Vancouver Canucks goalie Roberto Luongo and Dallas Mavericks star Dirk Nowitzki aren’t all that much alike, but they might have almost the same feeling of relief in two consecutive nights.
Luongo is the starting netminder for a juggernaut of a team that is trying to avoid an upset against an underdog Boston Bruins team while few picked Nowitzki’s Mavericks to get beyond the second round of the NBA playoffs. Luongo has been sensational in victory (two shutouts and just two goals allowed in three wins) and terrible in defeat (12 goals allowed in less than two full games) while Nowitzki rarely hit any drastic lows* in a great Dallas run.
Really, the best NHL comparison one could make to Nowitzki would probably be San Jose Sharks center Joe Thornton. They’re both big, blond scorers who received excessive criticism over the years for “choking” and being “soft” despite consistently putting up solid postseason numbers.
That being said, Luongo could join Nowitzki in the “Ex-Chokers Club” with a Stanley Cup victory tonight just about 24 hours after The Big German was able to shake that media-inspired monkey off his back. Despite putting up the kind of numbers that could gain Hall of Fame consideration, both Bobby Lou and Dirk have been scapegoats time and time again, falling victim to the lazy sportswriter habit of finding the first star to blame.
It’s true that Luongo occasionally makes things more difficult for himself, though. One cannot help but wonder why he made those comments about Tim Thomas; what exactly was he trying to accomplish? Either way, Dan Rosen writes that Luongo can shut those critics up with one more win. (It’s pretty tough to badmouth a guy who won a gold medal and Stanley Cup in his career, after all.)
“Even him winning the Olympic gold wasn’t good enough. That’s too bad,” Canucks captain Henrik Sedin said. “People in that dressing room, we know that he’s a winner. He’s done it on every stage before and if it happens (Monday), I hope people can stop criticizing him.”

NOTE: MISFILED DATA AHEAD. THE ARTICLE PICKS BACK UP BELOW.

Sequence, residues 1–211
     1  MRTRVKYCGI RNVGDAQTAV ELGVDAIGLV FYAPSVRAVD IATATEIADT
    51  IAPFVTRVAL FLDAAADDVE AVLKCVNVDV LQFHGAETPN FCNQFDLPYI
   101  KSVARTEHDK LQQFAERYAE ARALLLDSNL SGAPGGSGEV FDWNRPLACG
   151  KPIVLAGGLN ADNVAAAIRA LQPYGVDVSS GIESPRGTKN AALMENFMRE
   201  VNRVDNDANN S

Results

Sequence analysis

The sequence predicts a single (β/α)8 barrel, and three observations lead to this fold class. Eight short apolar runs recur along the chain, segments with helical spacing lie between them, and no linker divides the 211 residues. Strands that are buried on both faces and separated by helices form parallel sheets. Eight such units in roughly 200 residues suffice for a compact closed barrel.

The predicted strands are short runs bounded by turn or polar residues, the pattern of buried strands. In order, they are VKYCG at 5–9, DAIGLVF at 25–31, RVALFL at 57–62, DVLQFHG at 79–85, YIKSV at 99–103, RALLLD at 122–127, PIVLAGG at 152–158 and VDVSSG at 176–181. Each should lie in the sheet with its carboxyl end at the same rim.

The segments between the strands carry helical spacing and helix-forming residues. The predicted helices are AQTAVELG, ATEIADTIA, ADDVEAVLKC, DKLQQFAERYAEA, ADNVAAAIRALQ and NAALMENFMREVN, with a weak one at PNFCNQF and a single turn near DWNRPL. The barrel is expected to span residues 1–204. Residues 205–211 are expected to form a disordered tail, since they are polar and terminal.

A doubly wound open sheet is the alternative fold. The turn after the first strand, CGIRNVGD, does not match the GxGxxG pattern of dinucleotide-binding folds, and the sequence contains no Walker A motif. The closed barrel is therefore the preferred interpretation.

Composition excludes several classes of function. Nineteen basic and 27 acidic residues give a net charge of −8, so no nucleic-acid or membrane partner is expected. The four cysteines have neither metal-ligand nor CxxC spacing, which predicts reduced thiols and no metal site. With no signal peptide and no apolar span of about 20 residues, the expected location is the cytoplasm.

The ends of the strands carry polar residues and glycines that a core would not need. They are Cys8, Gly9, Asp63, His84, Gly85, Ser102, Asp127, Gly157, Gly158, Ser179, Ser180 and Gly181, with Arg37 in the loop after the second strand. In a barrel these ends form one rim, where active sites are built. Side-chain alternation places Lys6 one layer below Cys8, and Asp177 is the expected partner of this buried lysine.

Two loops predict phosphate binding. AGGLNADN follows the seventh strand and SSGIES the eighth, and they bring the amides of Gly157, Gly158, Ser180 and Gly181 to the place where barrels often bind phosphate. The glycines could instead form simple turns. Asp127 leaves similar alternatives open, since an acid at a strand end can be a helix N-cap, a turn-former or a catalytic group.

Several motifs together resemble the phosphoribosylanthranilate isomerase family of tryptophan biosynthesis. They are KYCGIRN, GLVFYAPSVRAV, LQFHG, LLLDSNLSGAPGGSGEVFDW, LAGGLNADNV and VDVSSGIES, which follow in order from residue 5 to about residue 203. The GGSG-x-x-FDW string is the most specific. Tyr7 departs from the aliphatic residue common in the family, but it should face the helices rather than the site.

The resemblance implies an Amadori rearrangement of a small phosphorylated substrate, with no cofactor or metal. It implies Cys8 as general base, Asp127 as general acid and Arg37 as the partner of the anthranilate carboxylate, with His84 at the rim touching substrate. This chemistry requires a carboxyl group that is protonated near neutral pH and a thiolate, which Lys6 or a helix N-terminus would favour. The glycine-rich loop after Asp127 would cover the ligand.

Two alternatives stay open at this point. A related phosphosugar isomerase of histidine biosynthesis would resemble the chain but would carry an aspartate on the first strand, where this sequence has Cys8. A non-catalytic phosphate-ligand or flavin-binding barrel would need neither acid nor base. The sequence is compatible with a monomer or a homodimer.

For now, the talk is all about what he had to say about Thomas and how poorly he played in Boston in Games 3 and 4.
It’s up to Luongo to change the conversation. It’s up to him to shut everyone up.
“If you win the Stanley Cup, no one can say anything about you,” Daniel Sedin said. “That’s what we all want to do and he’s no different than the rest of us. We know he’s going to have a good game for us. Hopefully that will be enough.”
It wouldn’t be shocking if there will be a small segment of the hockey population who would still find a way to bash Luongo even if he won the Cup. Maybe they’ll say he was out-played overall in the series or that he got lucky in the first round in Chicago. Still, it’s a lot tougher to get other people to nod their heads in agreement when everyone can simply look back on all of Luongo’s achievements – both as an individual and as part of a team.
Ultimately, Luongo has two chances (one tonight and one on Wednesday) to echo what Nowitzki did Sunday night: get the last laugh.
* – One could argue that Nowitzki did, indeed, struggle in the Mavericks’ Game 6 win. That being said, he still managed to get 21 points thanks to a strong fourth quarter performance.